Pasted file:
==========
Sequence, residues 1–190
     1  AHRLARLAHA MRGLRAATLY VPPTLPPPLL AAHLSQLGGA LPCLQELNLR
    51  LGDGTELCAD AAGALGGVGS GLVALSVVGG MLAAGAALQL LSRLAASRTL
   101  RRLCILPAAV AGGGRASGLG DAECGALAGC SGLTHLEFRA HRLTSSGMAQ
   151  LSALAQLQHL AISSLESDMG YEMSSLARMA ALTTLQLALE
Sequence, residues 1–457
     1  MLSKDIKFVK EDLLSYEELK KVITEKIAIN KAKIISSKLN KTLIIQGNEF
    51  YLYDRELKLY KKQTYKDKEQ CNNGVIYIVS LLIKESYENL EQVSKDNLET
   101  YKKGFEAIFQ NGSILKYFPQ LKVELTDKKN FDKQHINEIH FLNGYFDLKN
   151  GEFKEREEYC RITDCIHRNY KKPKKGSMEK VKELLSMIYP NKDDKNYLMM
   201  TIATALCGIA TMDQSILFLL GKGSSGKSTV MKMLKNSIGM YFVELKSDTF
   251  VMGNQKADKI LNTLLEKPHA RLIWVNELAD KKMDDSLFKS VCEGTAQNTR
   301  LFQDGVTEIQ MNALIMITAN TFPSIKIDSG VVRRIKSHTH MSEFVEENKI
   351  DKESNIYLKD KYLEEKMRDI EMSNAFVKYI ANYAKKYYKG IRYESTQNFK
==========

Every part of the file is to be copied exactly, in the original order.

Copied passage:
Sequence, residues 1–190
     1  AHRLARLAHA MRGLRAATLY VPPTLPPPLL AAHLSQLGGA LPCLQELNLR
    51  LGDGTELCAD AAGALGGVGS GLVALSVVGG MLAAGAALQL LSRLAASRTL
   101  RRLCILPAAV AGGGRASGLG DAECGALAGC SGLTHLEFRA HRLTSSGMAQ
   151  LSALAQLQHL AISSLESDMG YEMSSLARMA ALTTLQLALE
Sequence, residues 1–457
     1  MLSKDIKFVK EDLLSYEELK KVITEKIAIN KAKIISSKLN KTLIIQGNEF
    51  YLYDRELKLY KKQTYKDKEQ CNNGVIYIVS LLIKESYENL EQVSKDNLET
   101  YKKGFEAIFQ NGSILKYFPQ LKVELTDKKN FDKQHINEIH FLNGYFDLKN
   151  GEFKEREEYC RITDCIHRNY KKPKKGSMEK VKELLSMIYP NKDDKNYLMM
   201  TIATALCGIA TMDQSILFLL GKGSSGKSTV MKMLKNSIGM YFVELKSDTF
   251  VMGNQKADKI LNTLLEKPHA RLIWVNELAD KKMDDSLFKS VCEGTAQNTR
   301  LFQDGVTEIQ MNALIMITAN TFPSIKIDSG VVRRIKSHTH MSEFVEENKI
   351  DKESNIYLKD KYLEEKMRDI EMSNAFVKYI ANYAKKYYKG IRYESTQNFK